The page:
the past few years, both are expected to continue            ceuticals and medical devices), new care delivery
 outpacing GDP growth and economic           inflation.10     models, operating model changes,# and the
 Finding ways to slow the healthcare spending                 democratization of infor­mation (e.g., electronic
 trend has proved to be quite difficult, however.             health records, price transparency) (Exhibit 1-2).

 What if we looked at the problem differently? In-            It could be argued that, overall, the supply of
 stead of focusing solely on dollars spent, could             services in the US healthcare delivery industry
 each American get more for each dollar spent?                is matched well with the current demands of
 Answering this question requires us to look at the           the patient population. However, inefficiencies

*	In the report, we use the most recent data available. For that reason, the time periods we reference sometimes differ.
†	Box 1-1 includes an updated estimate of the US’s excess spending on healthcare, based on a comparison with other

  wealthy countries. An earlier estimate was published in the McKinsey Global Institute report: Accounting for the cost
  of U.S. health care: A new look at why Americans spend more. December 2008. Other researchers have also shown
  that US healthcare spending is above what would be expected based on cross-country comparisons. (See, for ex-
  ample, Anderson GF et al. Health spending in OECD countries: A 2004 update. Health Affairs. 2007;26(5):1481-9.)
‡	Note: “real” values are adjusted for economy-wide inflation.
§	Source data does not adjust for the skill or education of the workforce.
                                                                                                                            The numbered refer-
#	Operating model changes could include economies of scale, improved managerial skill, changes in the organization
                                                                                                                            ences appear at the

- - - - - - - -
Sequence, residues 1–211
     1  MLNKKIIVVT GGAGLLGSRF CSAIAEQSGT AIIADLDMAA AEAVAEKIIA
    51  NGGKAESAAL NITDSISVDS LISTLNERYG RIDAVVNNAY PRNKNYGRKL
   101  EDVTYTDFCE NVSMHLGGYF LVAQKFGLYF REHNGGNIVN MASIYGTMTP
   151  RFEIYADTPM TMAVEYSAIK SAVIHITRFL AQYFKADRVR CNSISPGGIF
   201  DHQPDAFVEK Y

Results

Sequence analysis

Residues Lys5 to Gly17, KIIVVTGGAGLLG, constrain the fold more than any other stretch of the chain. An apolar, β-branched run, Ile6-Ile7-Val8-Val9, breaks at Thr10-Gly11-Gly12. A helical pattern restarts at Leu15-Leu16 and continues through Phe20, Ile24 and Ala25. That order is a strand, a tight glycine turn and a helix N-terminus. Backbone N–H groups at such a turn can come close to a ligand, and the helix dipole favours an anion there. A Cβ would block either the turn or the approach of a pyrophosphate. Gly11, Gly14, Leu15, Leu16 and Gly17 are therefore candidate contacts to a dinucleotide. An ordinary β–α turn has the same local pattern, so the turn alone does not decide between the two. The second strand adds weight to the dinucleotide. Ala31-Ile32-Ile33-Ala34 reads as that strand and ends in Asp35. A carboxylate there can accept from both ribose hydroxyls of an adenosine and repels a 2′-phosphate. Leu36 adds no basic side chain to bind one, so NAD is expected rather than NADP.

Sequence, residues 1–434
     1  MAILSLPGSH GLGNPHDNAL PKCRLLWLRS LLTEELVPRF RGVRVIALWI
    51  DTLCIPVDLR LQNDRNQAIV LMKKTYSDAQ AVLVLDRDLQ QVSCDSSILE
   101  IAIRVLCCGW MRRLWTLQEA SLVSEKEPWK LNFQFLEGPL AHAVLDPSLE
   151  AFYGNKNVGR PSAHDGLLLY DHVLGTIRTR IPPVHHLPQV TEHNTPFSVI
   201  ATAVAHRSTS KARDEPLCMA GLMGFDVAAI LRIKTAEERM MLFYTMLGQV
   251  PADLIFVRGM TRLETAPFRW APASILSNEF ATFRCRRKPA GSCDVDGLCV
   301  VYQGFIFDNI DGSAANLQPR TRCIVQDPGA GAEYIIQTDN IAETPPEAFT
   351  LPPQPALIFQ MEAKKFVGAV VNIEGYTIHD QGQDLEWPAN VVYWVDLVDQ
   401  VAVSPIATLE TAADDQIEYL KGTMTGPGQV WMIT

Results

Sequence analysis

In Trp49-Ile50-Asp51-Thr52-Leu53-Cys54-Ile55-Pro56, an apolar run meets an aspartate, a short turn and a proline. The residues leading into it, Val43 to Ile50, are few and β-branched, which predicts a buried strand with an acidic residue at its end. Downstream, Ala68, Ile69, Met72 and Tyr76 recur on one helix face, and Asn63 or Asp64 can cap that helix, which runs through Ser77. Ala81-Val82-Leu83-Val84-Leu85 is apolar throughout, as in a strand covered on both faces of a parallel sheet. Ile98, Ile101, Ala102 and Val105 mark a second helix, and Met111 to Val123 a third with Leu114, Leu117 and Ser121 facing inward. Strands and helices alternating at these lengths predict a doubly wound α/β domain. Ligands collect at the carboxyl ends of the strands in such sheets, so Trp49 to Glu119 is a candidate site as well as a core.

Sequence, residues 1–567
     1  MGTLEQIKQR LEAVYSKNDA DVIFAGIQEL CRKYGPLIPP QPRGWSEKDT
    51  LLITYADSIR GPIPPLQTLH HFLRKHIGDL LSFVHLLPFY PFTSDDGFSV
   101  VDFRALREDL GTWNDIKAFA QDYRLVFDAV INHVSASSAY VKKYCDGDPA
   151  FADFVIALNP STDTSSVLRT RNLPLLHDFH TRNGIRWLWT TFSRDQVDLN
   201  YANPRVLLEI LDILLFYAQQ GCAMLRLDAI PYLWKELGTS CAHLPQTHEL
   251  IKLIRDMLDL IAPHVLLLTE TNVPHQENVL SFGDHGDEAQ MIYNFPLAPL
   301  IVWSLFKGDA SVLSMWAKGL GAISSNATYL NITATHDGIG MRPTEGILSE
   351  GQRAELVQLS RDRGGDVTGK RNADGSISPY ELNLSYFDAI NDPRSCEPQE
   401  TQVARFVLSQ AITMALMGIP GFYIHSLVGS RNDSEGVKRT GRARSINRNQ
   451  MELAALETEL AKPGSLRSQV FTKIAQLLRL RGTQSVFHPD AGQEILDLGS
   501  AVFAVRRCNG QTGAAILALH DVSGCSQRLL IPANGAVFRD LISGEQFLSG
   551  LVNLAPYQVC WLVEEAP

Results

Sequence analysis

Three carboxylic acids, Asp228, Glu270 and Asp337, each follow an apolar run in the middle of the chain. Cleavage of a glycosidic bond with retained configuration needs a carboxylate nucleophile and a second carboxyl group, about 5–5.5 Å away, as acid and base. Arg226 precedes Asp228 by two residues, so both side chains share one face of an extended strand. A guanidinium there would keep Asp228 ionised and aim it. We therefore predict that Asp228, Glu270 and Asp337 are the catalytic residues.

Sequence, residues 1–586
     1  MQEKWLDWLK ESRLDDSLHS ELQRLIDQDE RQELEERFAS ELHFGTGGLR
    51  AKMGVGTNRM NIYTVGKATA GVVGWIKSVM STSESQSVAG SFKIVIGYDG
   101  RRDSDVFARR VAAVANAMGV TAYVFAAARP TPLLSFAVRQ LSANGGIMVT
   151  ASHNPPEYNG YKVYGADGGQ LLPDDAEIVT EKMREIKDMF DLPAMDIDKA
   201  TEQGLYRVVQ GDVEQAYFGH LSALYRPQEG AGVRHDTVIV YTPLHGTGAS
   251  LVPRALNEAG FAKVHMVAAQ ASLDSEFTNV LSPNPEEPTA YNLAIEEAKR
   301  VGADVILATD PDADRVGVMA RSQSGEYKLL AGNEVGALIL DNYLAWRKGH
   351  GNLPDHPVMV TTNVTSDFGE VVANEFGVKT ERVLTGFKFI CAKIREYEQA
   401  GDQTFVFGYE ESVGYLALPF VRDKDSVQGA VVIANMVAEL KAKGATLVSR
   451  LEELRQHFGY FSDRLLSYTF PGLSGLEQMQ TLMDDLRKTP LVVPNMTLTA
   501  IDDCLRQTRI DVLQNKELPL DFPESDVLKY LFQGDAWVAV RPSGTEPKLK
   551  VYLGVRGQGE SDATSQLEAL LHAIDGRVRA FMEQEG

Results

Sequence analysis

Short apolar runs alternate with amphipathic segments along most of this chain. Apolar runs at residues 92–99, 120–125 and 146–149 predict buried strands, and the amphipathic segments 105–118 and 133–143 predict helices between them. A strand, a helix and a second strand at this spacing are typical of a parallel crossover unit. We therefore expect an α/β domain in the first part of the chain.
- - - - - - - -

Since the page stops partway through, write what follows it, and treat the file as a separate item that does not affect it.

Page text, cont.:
of production, or some combination of these factors. Note also that, by definition in the KLEMS framework, MFP            end of this chapter.
  includes the effects of inputs that are unmeasured or not properly measured.
12   McKinsey & Company McKinsey Center for US Health System Reform

     exist in both how patients present their demands                    reimbursement rates paid by commercial in­
     and how the healthcare delivery industry pro-                       surance, which can sometimes create perverse
     duces the supply, partly because of market                          incentives for stakeholders. Structural differences
     irregularities within the healthcare industry.                      in how healthcare is delivered and paid for make
     Because of these irregu­larities, the healthcare                    cross-country comparisons difficult, yet these
     delivery industry has lagged other services                         comparisons show that structural factors alone
     industries in improving production output.                          cannot explain the difference in spending.13-15

     Why higher healthcare                                               It is crucial that the productivity of the US health-

     delivery productivity is                                            care delivery industry be improved, given the role
                                                                         it plays in the economy and likelihood that health-
     necessary
                                                                         care spending will keep growing. (For an illustra-
     Any discussion of productivity must acknowl-                        tion of the impact that poor healthcare delivery
     edge certain truths about US healthcare. Per                        productivity can have on the overall US economy,